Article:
When classical music Deutsche Grammophon allow their label on the
front of an album of film music it has to be something! It is!
Carlos Savra's film is currently enjoying great success
around the art houses in the UK (the main distributors do not know what
they have passed up!) It is about a gifted film director abandoned by
his wife. To forget her, he throws himself into work on a film about
tango and in doing so falls in love and has a torrid affair with a beautiful
dancer who is the mistress of the film's main financial backer. He
is not oblivious to what is going on and takes a contact out on the
hapless film director. Images of the director's life and memories shown
against an oppressive military repression and the great wave of European
immigrants at the turn of the century all converge in the screenplay.
Argentinian composer, Lalo Schifrin, composer of such
major scores as Bullitt, Mission Impossible and Dirty
Harry, was the natural choice to score the film for he had been
Astor Piazzolla's pianist in the world famous tango composer's early
years. Schifrin is remarkably versatile, equally at home in jazz and
classical music - and tango is close to his heart. The tango has of
course featured in many movies. It's appeal has remained undiminished
since the beginning of the century from brothels to sophisticated parties
and ballrooms, and from Buenos Aires to Hollywood via Paris (some of
the numbers have that unmistakable Paris left-bank jazz style).
A group of exceptional performers gathered for the recording
session. One of them was over 80 years old, and all were associated
with the epoch of the film. Some of the tangos are classics such as
'La cumparsita'; 'El choclo' and 'Caminito' and there is Astor Piazzolla's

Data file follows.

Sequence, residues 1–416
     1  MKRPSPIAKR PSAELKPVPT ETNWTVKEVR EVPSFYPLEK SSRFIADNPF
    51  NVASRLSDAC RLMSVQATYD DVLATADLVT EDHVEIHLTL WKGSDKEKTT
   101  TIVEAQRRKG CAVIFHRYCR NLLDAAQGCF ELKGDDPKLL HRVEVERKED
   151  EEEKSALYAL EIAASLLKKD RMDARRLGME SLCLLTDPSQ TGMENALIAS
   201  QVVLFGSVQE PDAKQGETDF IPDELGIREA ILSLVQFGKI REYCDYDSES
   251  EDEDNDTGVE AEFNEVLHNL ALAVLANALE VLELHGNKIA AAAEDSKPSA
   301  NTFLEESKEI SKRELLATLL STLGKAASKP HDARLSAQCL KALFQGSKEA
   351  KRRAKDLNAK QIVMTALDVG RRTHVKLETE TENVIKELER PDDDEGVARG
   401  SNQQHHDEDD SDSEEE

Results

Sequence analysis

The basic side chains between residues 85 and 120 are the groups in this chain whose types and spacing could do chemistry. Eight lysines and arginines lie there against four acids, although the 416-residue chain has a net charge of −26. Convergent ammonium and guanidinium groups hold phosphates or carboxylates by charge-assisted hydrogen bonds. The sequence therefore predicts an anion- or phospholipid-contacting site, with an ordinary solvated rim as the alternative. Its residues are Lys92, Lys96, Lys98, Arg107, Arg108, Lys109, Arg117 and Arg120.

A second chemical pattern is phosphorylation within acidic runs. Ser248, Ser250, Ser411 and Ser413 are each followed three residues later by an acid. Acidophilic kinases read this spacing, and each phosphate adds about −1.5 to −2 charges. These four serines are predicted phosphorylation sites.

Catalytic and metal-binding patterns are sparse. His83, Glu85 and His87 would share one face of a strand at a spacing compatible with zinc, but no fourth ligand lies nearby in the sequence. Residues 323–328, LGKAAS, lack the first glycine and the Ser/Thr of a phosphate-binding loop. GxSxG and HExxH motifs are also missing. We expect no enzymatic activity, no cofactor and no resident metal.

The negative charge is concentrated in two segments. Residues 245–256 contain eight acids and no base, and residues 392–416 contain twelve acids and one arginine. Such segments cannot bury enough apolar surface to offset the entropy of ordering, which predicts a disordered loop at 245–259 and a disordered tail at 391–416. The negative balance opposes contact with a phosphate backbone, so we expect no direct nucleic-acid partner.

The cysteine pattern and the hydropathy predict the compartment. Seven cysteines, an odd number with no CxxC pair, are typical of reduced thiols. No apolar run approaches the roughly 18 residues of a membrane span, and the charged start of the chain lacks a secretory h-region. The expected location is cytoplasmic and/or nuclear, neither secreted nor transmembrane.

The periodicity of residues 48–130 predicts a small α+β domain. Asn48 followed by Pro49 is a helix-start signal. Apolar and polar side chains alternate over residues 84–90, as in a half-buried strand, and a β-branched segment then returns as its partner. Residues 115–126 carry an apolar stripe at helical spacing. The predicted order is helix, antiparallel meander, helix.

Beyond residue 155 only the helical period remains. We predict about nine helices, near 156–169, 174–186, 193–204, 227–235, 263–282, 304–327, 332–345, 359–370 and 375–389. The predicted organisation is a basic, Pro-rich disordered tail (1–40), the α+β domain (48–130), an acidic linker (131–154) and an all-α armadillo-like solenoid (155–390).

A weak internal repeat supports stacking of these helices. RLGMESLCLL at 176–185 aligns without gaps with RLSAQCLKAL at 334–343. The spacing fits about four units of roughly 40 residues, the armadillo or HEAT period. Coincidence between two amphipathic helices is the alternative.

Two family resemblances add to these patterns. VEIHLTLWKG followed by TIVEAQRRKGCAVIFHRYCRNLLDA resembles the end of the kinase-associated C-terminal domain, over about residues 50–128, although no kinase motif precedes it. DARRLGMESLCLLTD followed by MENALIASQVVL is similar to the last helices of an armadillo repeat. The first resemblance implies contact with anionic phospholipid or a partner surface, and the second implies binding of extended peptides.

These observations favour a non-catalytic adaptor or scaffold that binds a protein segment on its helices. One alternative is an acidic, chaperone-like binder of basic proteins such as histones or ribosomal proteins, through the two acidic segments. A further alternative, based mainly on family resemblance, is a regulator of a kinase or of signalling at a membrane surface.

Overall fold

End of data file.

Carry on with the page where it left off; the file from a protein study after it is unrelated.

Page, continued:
The producers considered tangos, milongas and creole
waltzes and chose what they considered indispensable for the film. The
score comprises tangos in many moods: proud and haughty, sensual and
voluptuous, strongly rhythmical and energetic; jazz-inflected; quiet
and sentimental, romantic, nostalgic, and cheeky and humorous. In one
memorable number 'Corazón', that has some engagingly shifting
rhythms, the tango invades the waltz. Schifrin himself composed seven
numbers to heighten the atmosphere and story line of the film. His 'Tango
bárbaro' is edgy, nervous and dangerous; the shadows also trail
his melodic and romantic 'Tango del atardecer' while 'Tango lunaire'
recalls the 1920s in the manner of Kurt Weill.
One of the most impressive tracks is in marked contrast
to all the rest. 'La represión' is a powerful orchestral composition
played here by the Buenos Aires Symphony. It speaks of merciless military
might with bass and snare drums crushing resistance. Women's voices,
in Greek tragedy mode, bewail the chaos and brutality. A final solitary
bell tolls over the devastation.
If you have to choose between the plethora of tango releases pouring
onto the market at present, make it this one.